NPD: Americans Eating Healthier at Restaurants
CHICAGO -- As lawmakers move in various ways to legislate healthier eating in the United States, it appears that Americans are beating them to the punch. According to new foodservice research by market research company, The NPD Group, foods high in sugar content or fat have been ordered less frequently at restaurants over the past 10 years.
NPD’s CREST service, which continually tracks consumer usage of commercial and non-commercial foodservice, found a decrease in consumption of regular carbonated soft drinks, hot dogs, fried chicken and French fries. Simultaneously, some foods that could be considered healthier (lower in sugar and fat) have been ordered more than in the past, NPD noted.
According to CREST, these foods include milk, grilled chicken and grilled chicken sandwiches, non-fried fish, breakfast cereals, fruit and yogurt.
"This shift in consumers choosing healthier foods at restaurants is partially due to the increasing availability of healthier foods on restaurant menus," Bonnie Riggs, restaurant industry analyst at The NPD Group, said in a statement released yesterday. "Restaurant operators are responding to their customers’ needs for healthier or lighter foods."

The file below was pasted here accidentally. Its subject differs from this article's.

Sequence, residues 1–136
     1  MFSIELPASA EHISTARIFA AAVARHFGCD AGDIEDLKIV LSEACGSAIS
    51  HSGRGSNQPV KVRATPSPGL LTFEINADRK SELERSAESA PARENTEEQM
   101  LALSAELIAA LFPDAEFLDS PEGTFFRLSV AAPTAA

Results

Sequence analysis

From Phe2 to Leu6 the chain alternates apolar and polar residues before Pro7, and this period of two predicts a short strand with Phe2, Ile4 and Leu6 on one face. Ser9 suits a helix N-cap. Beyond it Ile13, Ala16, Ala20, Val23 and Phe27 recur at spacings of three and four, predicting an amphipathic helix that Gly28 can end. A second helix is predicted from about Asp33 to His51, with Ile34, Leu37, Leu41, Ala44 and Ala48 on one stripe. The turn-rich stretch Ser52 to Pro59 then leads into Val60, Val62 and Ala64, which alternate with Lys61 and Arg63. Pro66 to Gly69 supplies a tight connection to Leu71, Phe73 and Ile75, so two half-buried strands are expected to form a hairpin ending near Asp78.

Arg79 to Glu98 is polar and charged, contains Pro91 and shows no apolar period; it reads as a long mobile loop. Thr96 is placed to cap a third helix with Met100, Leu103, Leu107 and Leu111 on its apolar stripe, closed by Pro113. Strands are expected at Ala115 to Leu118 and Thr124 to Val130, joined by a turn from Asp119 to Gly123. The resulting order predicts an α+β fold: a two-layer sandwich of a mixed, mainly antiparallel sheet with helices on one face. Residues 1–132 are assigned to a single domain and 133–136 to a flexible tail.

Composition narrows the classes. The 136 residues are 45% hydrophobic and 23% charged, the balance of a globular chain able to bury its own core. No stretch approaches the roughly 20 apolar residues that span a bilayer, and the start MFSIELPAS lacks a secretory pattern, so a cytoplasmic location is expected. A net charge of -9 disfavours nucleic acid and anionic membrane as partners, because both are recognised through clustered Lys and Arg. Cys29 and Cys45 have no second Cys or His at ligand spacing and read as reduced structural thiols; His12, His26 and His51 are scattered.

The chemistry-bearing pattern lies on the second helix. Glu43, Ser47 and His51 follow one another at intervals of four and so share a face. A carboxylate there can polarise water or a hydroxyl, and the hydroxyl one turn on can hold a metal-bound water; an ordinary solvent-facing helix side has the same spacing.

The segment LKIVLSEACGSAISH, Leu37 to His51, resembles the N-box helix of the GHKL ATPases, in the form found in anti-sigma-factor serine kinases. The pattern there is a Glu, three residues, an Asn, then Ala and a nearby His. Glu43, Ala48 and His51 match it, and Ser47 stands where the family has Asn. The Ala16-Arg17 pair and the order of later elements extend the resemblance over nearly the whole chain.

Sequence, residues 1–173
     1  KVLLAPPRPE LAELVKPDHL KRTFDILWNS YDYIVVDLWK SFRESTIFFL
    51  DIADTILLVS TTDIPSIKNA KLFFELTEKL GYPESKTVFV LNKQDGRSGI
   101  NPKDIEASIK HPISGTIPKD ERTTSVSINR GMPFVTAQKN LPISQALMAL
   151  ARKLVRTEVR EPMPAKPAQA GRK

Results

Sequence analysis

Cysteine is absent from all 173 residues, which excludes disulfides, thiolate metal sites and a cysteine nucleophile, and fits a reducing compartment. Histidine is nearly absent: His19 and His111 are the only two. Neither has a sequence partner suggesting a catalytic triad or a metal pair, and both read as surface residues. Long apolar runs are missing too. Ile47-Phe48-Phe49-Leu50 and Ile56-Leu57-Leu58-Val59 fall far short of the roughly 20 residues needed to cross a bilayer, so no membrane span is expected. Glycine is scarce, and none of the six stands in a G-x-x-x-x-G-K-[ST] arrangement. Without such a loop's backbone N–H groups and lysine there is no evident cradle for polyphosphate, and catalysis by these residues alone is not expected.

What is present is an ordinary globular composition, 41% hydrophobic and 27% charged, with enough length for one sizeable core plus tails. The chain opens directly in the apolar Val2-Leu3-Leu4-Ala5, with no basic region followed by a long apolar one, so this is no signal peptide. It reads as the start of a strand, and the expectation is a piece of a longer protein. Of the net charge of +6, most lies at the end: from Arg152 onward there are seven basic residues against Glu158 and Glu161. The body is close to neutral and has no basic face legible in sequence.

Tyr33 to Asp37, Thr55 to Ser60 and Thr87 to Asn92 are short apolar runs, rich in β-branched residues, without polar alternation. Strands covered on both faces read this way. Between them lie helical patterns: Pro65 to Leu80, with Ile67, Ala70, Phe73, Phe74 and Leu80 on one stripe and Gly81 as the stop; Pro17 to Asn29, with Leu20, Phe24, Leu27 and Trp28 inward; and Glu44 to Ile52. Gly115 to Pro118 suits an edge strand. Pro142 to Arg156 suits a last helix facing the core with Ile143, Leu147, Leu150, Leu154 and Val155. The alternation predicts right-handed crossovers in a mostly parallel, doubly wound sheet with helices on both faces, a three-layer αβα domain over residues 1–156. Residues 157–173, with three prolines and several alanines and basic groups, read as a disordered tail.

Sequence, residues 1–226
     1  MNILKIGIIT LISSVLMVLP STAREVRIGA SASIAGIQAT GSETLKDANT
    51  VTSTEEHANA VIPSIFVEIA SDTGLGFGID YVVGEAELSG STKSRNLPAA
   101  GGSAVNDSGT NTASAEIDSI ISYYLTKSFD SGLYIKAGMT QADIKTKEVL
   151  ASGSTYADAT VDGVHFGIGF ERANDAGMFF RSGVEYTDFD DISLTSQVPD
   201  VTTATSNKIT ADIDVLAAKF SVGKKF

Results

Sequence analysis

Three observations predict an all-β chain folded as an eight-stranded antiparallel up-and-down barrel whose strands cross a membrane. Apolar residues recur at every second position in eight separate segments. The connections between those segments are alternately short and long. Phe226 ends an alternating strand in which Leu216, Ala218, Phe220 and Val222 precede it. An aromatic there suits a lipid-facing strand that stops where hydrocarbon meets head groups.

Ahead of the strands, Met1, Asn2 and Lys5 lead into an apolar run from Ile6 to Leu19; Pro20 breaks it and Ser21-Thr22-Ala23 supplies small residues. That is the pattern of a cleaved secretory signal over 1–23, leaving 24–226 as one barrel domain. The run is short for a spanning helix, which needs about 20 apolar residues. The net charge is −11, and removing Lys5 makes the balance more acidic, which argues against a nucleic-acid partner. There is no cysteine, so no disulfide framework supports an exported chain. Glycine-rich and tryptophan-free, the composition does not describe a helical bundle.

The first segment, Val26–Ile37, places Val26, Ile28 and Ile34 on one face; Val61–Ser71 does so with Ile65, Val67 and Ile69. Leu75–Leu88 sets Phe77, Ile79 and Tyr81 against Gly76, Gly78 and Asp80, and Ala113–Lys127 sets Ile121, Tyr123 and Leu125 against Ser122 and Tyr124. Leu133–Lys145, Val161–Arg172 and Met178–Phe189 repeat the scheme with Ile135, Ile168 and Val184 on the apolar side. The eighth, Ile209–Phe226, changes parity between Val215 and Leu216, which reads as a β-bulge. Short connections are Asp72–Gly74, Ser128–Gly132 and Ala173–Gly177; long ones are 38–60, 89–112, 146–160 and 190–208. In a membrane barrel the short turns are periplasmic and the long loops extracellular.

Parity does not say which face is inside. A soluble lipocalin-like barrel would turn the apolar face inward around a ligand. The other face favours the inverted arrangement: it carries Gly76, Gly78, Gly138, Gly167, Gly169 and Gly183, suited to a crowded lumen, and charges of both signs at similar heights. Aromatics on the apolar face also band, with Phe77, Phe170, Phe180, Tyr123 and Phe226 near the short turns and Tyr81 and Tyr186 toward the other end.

Consumer demand for healthy/light foods at restaurants will continue to grow over the next decade, according to NPD’s "A Look into the Future of Foodservice" report. This report provides forecasts for the next decade in terms of restaurant segments, categories, visit situations, and specific beverage and food products.
Servings of healthy/light sandwiches -- one of the food groups under the healthy/light category studied for the report -- are projected to grow by 13 percent over the next 10 years. Included in the healthy/light sandwich group are grilled chicken and fish, turkey, cold cut combos, tuna and chicken salad and veggie sandwiches, according to the research company.
"Today, the heaviest buyers of healthy/light sandwiches are consumers ages 18 to 34," Riggs stated. "However, it is consumers 50 and older, who are the most health-conscious consumer segment, who will contribute the most incremental servings in the years ahead."